Magento 2 2/25/2016

Magento 2: Installation

Experience shows that even established Magento developers face a number of stumbling blocks when they install Magento 2 for the first time. We have reported of our first experiences at the Magento hackathon in Zurich (October 2015). In order to make it easier for you to get started with Magento 2, we have summarised our experiences and learnings. We advise you to calculate at least 2-3 hours for your first Magento 2 installation.

For details regarding the single steps, please refer to the official documentation. Each step provides links to the documentation's corresponding chapter.

Magento 2: System Requirements

Compared to Magento 1, the requirements are a bit higher:
  • PHP version 5.5 or (better) newer
  • MySQL version 5.6 (5.7 is officially supported; however, we experienced some troubles when using it)

Magento 2 Installation: Several Alternatives

There are several ways how to install Magento 2, which have consequences for the project's structure. We recommend to use the "Integrator/Packager" method, since this means that we will later be able to manage packages using Composer. In our opinion, this is the most flexible and professional way how to install Magento 2.

We initialise the project with Composer:

composer create-project --repository-url= magento/project-community-edition <installation directory name>

During the installation you might be asked for your authentication keys. To get these, you need a Magento Connect account. If you don't know how to get these, have a look at the official documentation.

Now we might as well get ourselves a cup of coffee and watch Composer work.

After a successful installation it's good to take a look at the system and file permissions of Magento 2 on our development server. Otherwise we might run into problems later on, if automatically generated files cannot be written.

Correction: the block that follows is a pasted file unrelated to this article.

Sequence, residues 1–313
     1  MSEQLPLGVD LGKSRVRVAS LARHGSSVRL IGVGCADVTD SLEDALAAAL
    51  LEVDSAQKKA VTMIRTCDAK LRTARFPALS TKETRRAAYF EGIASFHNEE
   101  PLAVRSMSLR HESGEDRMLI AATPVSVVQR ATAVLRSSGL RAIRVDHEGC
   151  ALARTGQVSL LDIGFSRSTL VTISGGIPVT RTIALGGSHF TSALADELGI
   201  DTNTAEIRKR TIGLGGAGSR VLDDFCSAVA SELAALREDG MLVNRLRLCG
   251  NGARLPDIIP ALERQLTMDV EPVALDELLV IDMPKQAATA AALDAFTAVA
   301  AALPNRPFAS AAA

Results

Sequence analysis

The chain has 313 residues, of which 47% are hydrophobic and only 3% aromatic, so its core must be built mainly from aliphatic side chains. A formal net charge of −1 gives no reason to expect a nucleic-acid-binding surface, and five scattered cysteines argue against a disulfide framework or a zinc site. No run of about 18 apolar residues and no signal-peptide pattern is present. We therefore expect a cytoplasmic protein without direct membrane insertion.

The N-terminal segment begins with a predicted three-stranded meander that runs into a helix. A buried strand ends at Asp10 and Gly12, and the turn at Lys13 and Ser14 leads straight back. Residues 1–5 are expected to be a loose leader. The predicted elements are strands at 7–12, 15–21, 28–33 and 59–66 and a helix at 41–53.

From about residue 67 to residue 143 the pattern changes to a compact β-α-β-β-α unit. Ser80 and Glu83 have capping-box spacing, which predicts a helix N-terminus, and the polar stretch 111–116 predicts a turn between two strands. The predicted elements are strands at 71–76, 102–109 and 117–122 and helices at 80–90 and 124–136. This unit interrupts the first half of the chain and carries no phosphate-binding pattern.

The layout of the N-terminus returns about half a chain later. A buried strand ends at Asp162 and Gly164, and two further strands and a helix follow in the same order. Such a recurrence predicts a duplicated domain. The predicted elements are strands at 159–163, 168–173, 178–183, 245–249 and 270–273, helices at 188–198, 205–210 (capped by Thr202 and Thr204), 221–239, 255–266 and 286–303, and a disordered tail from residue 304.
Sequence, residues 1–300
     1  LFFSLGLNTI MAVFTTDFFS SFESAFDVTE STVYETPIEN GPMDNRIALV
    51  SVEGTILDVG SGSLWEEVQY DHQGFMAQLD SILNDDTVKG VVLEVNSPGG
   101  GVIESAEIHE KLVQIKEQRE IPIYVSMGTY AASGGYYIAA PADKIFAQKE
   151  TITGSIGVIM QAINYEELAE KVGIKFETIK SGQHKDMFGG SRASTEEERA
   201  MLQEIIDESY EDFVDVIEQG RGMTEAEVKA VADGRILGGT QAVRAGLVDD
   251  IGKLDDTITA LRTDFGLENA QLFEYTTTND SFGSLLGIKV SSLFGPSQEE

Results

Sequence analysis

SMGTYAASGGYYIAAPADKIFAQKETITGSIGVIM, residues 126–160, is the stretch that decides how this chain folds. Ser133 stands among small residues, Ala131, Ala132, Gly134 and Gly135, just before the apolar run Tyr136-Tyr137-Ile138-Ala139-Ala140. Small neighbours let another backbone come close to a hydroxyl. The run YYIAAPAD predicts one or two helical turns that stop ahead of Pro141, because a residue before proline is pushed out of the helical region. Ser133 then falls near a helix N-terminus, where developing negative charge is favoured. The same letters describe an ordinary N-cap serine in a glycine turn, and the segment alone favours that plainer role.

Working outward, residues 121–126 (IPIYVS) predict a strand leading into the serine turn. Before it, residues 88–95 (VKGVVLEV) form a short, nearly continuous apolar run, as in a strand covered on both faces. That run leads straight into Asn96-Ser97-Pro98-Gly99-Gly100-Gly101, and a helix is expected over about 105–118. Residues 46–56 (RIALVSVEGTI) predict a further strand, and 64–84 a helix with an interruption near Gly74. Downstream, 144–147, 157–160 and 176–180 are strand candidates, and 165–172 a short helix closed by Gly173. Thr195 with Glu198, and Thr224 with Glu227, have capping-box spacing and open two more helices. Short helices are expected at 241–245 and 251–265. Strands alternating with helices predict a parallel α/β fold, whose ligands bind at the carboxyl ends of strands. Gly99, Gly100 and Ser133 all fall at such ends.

Indispensable: Magento's Command Line Tool

To initialise the database, we use the new Magento CLI (Command Line Interface). In some cases, you might have to make it executable:
cd <installation directory name> && chmod +x bin/magento
After that we can use it to install Magento 2:
bin/magento setup:install --base-url=http://awesome-shop.local/ --language=de_DE --backend-frontname=admin --db-host=localhost --db-name=DBNAME --db-user=DBUSER --db-password=DBPASSWORD --admin-user=johndoe--admin-password=PASSWORD --admin-firstname=John --admin-lastname=Doe
The Magento 2 documentation includes an overview of setup commands.

If you use XDebug, you might see the following error message:

PHP Fatal error: Maximum function nesting level of '100' reached
The solution is to increase the attribute xdebug.max_nesting_level in the php.ini file. In one case I witnessed that the value was properly set for the vHost, but ignored by the CLI. Here, I recommend to execute the installer named above with the corresponding parameters:
php -d xdebug.max_nesting_level[=250] bin/magento setup:install <args>
Afterwards, we let our host point to <installation directory name>/pub/ . If you are interested in the backgrounds, let me refer you to Alan Storm's blog.

Then, we activate the Developer Mode. Magento 2 should never be run in the Default Mode, which is a hybrid mode that isn't helpful to anyone really. For further information on modes, take a look at the documentation, or again visit Alan Storm's blog.

Sample Data

In contrast to Magento 1 the optional sample data is added after installation. This is done by the following command:
bin/magento sampledata:deploy

Magento 2 Installation Completed

After the finished Magento installation, the store is ready for further development and use. In our blog, you find further posts regarding Magento 2 and how you can proceed from here, for example by setting up the frontend workflow for changing the store's parts visible to customers.